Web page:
Studies have shown that about 10 percent of men infected with human immunodeficiency virus (HIV) have an elevated resting energy expenditure (REE). Their bodies use more kilocalories for basic functions including circulation, body temperature, and breathing. Most studies have been conducted in men and those with solely women have had small sample sizes. A team of researchers has sought to rectify this with a matched, prospective, cross-sectional study. The results are featured in a new report published by the Journal of the Academy of Nutrition and Dietetics.
“To our knowledge, no studies have been conducted that dissect the effect of HIV infection versus antiretroviral therapy,” says lead investigator Grace McComsey, MD, FIDSA, Chief Pediatric Infectious Diseases, Rheumatology and Global Health at Case Western Reserve University School of Medicine. “The purpose of our study was to compare REE in HIV-infected women who have never been on antiretroviral therapy (ART), those on ART with virologic suppression, those on ART with detectable HIV-1 RNA, and HIV-negative, healthy women.” Antiretroviral therapy typically consists of at least three drugs to fight against fatal HIV effects and improve quality of life.
The study team recruited women from the John T. Carey Special Immunology Unit at University Hospitals Case Medical Center, an out-patient HIV clinic in Cleveland, Ohio between 2004 and 2011. The women were matched by age and body mass index (BMI). Healthy women who volunteered to participate in the control group were mostly hospital employees. In total, 87 women participated, 62 with HIV and 25 without.
All participants received a clinical evaluation for weight, height, and waist and hip measurements and responded to questions about their exercise habits and alcohol, tobacco, and drug use. Investigators determined their body composition and measured their oxygen consumption to determine REE. They also consulted medical records for further information about current medications and HIV diagnosis details.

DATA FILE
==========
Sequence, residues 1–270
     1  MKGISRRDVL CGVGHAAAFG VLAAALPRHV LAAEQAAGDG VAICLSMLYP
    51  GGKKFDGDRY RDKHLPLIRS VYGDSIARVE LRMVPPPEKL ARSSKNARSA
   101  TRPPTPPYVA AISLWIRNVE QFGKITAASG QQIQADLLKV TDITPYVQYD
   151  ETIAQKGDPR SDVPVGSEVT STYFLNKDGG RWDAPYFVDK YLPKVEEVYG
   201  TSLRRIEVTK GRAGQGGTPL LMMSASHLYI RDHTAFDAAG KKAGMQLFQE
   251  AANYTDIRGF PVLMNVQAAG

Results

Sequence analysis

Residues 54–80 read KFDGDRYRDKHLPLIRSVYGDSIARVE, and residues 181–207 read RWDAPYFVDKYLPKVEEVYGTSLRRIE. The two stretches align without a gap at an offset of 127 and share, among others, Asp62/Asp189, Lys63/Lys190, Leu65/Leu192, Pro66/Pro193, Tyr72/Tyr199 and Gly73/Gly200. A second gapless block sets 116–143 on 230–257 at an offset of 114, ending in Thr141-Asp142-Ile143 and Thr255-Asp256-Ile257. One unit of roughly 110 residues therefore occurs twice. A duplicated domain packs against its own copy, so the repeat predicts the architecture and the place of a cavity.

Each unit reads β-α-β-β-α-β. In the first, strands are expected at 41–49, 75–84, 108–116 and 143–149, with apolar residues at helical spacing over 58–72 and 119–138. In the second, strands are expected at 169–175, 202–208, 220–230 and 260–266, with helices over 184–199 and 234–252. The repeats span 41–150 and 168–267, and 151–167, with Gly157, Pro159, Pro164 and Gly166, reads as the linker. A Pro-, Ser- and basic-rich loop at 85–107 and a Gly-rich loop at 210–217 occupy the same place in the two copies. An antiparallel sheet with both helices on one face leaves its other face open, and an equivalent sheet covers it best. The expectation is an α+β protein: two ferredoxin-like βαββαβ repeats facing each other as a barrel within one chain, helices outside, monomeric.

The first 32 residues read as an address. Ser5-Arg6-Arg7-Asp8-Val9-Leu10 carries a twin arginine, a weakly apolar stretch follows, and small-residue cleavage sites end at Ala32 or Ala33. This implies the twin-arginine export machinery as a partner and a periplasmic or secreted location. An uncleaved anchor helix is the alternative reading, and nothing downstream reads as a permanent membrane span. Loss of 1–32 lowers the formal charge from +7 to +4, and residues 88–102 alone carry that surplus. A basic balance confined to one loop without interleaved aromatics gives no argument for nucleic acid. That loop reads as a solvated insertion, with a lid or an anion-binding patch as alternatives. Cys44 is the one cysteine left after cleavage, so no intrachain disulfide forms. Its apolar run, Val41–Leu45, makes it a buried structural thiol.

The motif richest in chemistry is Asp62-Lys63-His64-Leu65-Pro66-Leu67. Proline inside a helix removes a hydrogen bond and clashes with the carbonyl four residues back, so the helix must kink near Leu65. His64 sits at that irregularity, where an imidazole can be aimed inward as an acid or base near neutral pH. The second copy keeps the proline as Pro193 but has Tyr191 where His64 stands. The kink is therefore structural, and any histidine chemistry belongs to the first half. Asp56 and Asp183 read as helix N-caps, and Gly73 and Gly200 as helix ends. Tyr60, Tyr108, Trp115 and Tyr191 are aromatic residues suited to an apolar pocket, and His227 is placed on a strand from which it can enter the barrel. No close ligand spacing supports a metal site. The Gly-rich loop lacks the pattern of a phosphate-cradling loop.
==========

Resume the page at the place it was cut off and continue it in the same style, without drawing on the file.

The study produced the following significant findings:
REE is significantly higher in HIV-infected women who have never been on ART when compared to healthy women.
REE is significantly higher, when adjusted for body composition changes, in HIV-infected women who are on ART with undetectable HIV-1 RNA compared to healthy controls.
REE is significantly higher in HIV-infected women on ART with detectable HIV-1 RNA compared to controls.
REE was not different between the HIV-infected groups.
In addition analysis revealed that REE strongly correlates with two common equations used to predict energy expenditure and with body cell mass, BMI, and fat mass.
The investigators hypothesized that those with increased REE may have a greater absolute production of reactive oxygen species if tissue oxygen concentration also increases, leading to more oxidative stress. This needs to be investigated in future studies.
“We showed that REE is elevated in ART-naïve HIV-infected women and continues to be elevated when on effective ART, regardless of virologic suppression, when compared to age and BMI matched healthy women,” says Dr. McComsey. “This suggests an effect of HIV infection itself and not antiretroviral therapy on REE. The exact mechanism by which this occurs is unknown, but could be due to heightened inflammation or immune activation, which occurs in HIV infection.”
Dr. McComsey also notes the need for further study of ART initiation to assess the effect of HIV infection on REE and the effect of specific antiretrovirals on REE.
Elsevier Health Sciences